Liberty Global to bid for Virgin Media

The deal would put the US media firm in direct competition with BskyB.

New Statesman
Richard Branson. Credit: Getty Images.

Liberty Global, the US cable group owned by John Malone, is set to bid for the UK’s second-largest pay television operator Virgin Media with an enterprise value of more than $20bn.

A successful bid could give Liberty Global savings across its network in countries like the Netherlands, Germany, Switzerland and Chile if it includes the purchase of set-top boxes and other technology.

In addition, purchasing Virgin Media would put Liberty Global in direct competition with British Sky Broadcasting Group (BSkyB), which is controlled by Rupert Murdoch’s News Corporation.

Virgin Group’s Sir Richard Branson currently holds a 3 per cent equity stake in Liberty Global.

The phone-hacking scandal in November 2011 forced News Corporation to withdraw a bid for full control of BSkyB, Malone told the Financial Times that bankers had tried to “stir things up” but he would not bid against Murdoch for BSkyB.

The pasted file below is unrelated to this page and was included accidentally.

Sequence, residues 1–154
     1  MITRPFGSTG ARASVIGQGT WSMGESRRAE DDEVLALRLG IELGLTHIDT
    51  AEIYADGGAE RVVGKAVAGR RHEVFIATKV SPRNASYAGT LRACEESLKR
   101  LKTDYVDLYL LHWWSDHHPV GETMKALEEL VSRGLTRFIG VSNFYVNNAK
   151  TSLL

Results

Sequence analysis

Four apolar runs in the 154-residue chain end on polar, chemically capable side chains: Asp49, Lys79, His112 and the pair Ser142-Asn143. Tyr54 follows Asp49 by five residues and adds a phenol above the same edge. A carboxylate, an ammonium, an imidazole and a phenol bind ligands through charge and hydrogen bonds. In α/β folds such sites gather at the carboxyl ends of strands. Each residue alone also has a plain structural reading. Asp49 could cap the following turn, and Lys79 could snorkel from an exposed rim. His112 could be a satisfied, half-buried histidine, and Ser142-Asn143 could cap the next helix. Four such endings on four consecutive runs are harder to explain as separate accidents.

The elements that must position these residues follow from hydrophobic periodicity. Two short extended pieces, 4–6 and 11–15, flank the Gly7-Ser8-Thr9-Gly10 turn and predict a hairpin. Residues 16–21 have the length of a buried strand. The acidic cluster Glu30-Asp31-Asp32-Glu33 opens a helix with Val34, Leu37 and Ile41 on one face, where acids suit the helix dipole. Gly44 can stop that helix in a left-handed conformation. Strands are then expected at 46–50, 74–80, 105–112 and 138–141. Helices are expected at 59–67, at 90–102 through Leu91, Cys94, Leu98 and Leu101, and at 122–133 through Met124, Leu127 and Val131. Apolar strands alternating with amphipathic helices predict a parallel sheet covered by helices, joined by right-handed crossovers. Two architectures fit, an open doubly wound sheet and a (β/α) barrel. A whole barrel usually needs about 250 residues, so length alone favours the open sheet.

“In all the transactions we have done with him he has had the greatest integrity, [so] I am not about to jump and give him a hard time,” he said then. But Malone said he “would love” to be in the UK, and argued that cable companies would gain market share from satellite platforms as internet video services grew.

Virgin Media, which generates most of its revenues through mobile offerings, is facing tough price competition from BSkyB and BT Vision in the UK pay-television market.

Liberty Global reported liquidity of $5.5bn, including $3.3bn in cash on its own books and at its parent company’s level for the third-quarter of 2012.

Meanwhile, Virgin Media’s shares listed on the Nasdaq closed at $38.69 on Monday.